Should I build a Passivhaus?

The real decision is whether you feel the additional expense, normally around 8-10% of the build cost, is worth it to have the most comfortable house you’ll ever own that requires virtually no heating.

Passivhaus is a very high building standard that ensures that (assuming you behave like most people) you’ll use less than 15kWh of heat energy per m2 of habitable space (e.g. not including space under cupboards/units, etc.) in the Passivhaus building.

The Passivhaus assessment tool (Passivhaus Planning Package, PHPP) assesses the design of the building to check whether it will meet the energy consumption requirements which instantly flags up problems with the design or construction methods before you get anywhere near a building site.

Once your design meets the energy requirements you simply have to build it. Many builders are fearful of building to this standard because it requires them to not only document the construction of many parts of the building but it also requires a fairly rigorous air tightness test. In reality, with a good design and diligent, thoughtful construction it is not difficult to meet the requirements and there are many new Passivhaus schemes under construction all the time.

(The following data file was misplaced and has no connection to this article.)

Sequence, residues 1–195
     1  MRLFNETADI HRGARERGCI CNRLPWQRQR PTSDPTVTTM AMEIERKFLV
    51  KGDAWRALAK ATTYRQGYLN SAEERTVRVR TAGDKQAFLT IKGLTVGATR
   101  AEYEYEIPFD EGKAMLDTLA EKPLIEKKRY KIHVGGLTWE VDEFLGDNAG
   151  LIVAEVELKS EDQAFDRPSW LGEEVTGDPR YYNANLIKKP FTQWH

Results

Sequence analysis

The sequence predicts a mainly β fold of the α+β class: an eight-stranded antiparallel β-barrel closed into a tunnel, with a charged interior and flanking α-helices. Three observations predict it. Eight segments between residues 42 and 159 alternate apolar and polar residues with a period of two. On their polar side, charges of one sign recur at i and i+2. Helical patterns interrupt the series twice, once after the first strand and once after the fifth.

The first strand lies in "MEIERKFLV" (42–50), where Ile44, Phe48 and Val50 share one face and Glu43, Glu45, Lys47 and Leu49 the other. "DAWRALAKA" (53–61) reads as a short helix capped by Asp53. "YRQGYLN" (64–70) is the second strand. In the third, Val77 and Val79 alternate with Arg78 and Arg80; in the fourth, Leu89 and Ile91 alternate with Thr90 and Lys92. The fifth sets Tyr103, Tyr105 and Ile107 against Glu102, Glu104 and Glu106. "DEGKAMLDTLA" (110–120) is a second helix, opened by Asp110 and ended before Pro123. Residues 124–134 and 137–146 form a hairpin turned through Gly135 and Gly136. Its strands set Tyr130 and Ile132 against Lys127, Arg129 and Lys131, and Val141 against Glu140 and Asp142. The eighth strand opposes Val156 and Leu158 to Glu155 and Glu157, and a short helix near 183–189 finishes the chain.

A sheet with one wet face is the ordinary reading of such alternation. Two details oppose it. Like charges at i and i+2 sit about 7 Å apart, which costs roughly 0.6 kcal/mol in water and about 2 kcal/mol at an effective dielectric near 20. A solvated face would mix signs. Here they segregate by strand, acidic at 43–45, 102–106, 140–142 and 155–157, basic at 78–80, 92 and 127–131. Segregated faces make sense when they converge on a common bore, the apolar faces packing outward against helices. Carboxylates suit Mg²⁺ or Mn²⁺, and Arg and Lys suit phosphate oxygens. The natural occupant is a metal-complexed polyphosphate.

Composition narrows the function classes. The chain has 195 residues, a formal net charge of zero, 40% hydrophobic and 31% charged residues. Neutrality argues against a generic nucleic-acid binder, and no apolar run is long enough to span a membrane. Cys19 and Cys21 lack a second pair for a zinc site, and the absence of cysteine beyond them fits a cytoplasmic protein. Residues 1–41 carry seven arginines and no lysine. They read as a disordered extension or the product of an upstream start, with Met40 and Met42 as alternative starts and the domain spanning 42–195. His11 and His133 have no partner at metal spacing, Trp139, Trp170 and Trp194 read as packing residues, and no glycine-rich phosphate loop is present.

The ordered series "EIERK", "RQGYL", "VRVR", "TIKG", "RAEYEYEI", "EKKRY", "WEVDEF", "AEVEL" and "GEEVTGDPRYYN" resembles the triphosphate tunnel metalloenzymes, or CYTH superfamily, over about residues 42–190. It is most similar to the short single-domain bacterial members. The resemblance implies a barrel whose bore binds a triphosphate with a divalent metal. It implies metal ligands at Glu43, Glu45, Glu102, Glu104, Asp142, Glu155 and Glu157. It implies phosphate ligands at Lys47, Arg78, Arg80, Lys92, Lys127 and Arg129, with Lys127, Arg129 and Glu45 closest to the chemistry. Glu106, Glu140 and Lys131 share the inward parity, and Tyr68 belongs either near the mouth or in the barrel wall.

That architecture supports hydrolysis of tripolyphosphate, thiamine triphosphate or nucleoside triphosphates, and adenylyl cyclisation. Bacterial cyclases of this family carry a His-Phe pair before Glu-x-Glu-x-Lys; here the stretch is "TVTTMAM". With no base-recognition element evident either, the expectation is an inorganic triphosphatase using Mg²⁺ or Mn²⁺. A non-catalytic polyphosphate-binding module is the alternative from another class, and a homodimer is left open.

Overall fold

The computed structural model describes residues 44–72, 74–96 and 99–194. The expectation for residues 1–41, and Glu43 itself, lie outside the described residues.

For first timers one of the easiest ways to build to this standard is with timber frame and wood fibre insulation, using OSB on the inner face as the airtightness and vapour control layers. This can be air-tested at a very early stage and any leakages stopped well before anything is covered or un-reachable.

It is perfectly possible to use masonry to construct a Passivhaus building (the standard does not dictate what type of material should be used) but the internal plaster is normally used for the airtightness layer and once the walls are plastered any air leaks can be much more difficult to fix.

Finally, the Passivhaus standard can help you to create buildings which are wonderfully sustainable in their running but it does not address the energy used to create the building in the first place. It is still up to you to use materials which are sustainably sourced and produced if you want to create a truly sustainable home.

WHAT'S NEXT?

If you want to find out more about how to effectively manage your sustainable building project, check out The Self-Build Series. This series of guides has been put together to you understand sustainable construction. We hope you find them useful!


Chris Brookman
Chris Brookman

Author